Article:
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maandag 2 oktober 2017

RCGP: Telephone triage can be useful but doesn't necessarily reduce GP workload

Telephone triage can be useful but doesn't necessarily reduce GP workload

She said: "Telephone consultations can be convenient – and they certainly can help direct patients to the most appropriate care for their health needs - but as this research has shown they don't necessarily reduce GP workload in the end as 10 minutes are 10 minutes whether spent speaking to patients over the phone or face-to-face. And, if as a result of the phone conversation follow-up action is needed for that patient, then this actually may increase the GP's workload.

"GPs and our teams are delivering more than 1m patient consultations every day – and recent research shows that our workload has increased 16 per cent over the past seven years. Yet, investment in our service has declined over the last decade and our workforce has not risen in pace with demand.

"It is up to individual practices to decide what appointment booking or triage systems they implement to manage their workload most effectively for that particular patient, but we want to reassure patients that technology will not be replacing the work of GPs.

"GPs are highly trained to take into account the physical, psychological and social factors potentially affecting a patient's health and often these are non-verbal, so phone conversations will never replace face-to-face appointments completely.

"Ultimately, we need the pledges made in NHS England's GP Forward View – including £2.4bn more a year for general practice, 5,000 more GPs and 5,000 more members of the wider practice team by 2020 – delivered in full and as a matter of urgency."

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Health must be top of the agenda during Brexit negotiations says RCGP Chair

"In fact, in terms of workforce this analysis doesn't take into account GPs and practice staff potentially affected by Brexit negotiations, so we are concerned the situation could be far bleaker. The College's own research earlier this year showed that 2,137 GPs across the UK – delivering care to over 3m patients – could be forced to leave if their status is not protected.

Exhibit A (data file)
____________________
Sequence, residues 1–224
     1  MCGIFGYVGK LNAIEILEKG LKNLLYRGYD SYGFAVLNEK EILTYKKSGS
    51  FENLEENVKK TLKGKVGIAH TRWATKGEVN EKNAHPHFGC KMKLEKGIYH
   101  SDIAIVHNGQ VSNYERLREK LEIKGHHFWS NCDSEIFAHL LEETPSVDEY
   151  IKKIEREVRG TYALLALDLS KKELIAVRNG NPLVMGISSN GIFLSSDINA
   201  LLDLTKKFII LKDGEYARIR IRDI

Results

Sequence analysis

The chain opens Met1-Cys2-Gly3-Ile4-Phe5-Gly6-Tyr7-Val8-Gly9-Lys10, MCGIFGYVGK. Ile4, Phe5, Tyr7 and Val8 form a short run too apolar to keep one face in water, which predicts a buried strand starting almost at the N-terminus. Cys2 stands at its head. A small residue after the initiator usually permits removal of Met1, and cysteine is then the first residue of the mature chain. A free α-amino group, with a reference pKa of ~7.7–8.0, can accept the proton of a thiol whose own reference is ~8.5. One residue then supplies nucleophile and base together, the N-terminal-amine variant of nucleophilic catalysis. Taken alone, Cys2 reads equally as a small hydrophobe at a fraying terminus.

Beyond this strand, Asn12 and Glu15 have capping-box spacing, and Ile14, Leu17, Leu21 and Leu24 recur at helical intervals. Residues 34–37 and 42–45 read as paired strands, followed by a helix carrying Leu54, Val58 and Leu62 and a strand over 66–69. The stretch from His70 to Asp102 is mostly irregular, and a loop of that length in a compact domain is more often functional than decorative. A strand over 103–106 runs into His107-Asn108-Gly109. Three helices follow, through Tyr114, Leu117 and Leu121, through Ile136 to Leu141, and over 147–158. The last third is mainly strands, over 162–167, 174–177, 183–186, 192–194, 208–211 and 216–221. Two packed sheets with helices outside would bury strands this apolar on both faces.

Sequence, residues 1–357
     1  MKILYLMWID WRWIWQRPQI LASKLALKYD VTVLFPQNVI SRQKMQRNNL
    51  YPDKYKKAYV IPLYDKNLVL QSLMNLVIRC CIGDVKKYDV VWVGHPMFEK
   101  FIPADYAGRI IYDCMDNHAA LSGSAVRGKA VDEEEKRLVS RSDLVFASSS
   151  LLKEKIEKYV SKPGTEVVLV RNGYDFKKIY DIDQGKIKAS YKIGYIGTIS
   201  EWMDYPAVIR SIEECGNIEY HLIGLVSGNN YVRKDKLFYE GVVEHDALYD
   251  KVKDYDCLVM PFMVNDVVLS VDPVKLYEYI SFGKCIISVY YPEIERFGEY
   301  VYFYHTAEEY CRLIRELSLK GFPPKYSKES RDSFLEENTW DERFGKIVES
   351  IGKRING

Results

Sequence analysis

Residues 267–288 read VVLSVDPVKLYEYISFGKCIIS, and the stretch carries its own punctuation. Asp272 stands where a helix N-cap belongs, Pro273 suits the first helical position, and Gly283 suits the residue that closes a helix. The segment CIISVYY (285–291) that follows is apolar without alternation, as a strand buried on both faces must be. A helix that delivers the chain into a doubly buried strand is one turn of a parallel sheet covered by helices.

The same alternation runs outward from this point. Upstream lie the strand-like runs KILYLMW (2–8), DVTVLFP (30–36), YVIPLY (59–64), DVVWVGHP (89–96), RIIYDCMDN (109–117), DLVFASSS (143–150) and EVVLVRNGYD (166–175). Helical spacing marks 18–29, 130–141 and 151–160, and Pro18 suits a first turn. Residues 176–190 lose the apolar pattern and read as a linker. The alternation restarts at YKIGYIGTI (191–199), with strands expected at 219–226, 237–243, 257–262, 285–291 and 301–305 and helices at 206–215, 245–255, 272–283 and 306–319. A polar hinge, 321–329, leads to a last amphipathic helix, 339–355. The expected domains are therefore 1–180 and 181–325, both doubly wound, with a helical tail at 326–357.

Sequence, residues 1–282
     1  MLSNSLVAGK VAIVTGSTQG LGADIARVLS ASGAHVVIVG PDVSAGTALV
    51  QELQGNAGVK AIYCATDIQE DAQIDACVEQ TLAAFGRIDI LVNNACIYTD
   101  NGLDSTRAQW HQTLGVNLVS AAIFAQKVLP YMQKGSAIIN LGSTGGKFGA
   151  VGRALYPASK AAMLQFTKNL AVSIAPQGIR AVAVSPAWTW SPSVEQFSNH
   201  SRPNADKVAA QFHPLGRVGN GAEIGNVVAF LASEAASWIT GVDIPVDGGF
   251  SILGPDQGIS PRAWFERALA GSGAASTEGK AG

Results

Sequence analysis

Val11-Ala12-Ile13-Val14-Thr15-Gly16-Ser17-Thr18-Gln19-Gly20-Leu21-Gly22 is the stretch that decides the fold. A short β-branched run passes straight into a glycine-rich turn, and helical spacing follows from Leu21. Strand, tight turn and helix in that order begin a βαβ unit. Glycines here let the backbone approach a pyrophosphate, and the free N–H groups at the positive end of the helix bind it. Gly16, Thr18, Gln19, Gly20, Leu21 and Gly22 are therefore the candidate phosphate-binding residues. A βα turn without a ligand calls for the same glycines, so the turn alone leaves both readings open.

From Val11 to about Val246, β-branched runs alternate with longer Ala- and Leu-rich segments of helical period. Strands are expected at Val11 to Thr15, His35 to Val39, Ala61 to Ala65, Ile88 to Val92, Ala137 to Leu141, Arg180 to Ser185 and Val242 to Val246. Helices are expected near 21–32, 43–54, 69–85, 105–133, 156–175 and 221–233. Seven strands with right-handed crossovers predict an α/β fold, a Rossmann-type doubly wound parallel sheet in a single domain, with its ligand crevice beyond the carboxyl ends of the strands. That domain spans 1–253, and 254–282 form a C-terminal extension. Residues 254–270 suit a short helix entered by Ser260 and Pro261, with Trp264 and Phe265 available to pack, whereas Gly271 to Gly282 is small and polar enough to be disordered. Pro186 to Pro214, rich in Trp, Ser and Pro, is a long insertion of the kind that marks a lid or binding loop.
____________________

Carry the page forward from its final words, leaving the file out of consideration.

"General practice is really struggling – our workload has increased 16% over the last seven years, but investment in our service over the last decade has declined, and our workforce has not risen at pace with demand. We are incredibly grateful to all EU staff currently working in general practice, supporting us to deliver vital care to over 1m patients a day, and we welcome any other appropriately trained doctors or healthcare professionals from the EU and further afield who want to join our profession.

"The NHS was promised an extra £350m a week during the referendum campaign – and whilst this figure has been hotly disputed, this will have influenced many people's vote. Unfortunately, there is no one to hold to account for this, but that does not mean it should be brushed under the carpet.

"We join the paper's authors in calling for health to be top of the agenda during Brexit negotiations – and from the point of view of general practice, we must ensure the status of every EU national working in UK general practice is protected as a matter of urgency, and for efforts to recruit overseas doctors as part of NHS England's GP Forward View, not to be hampered in any way.

"Negotiators must also be very clear that public health must not suffer as a result of Britain exiting the European Union – there are many laws and regulations that have been introduced to protect the health of our nation, and they must not be compromised."

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Peer review tools can be useful - but shouldn't be used to shame practices

"Whilst these tools can be useful for self-reflection and implementing quality improvement initiatives in the best interests of delivering patient care, we must recognise that in many cases, variation in many aspects of care will reflect the specific demographics of a patient population (for example, age, level of deprivation, quality of housing, ethnicity etc) as opposed to ineffective practice.

"Prescription costs are a significant expense for the health service -  and this site also has useful features to help practices understand whether they are using resources in the most cost-effective way. If we can take safe, sensible measures to reduce these costs then we should.

"The current consultation on the NHS use of medicines of 'low priority' is not yet completed and as such we await the conclusions with interest."


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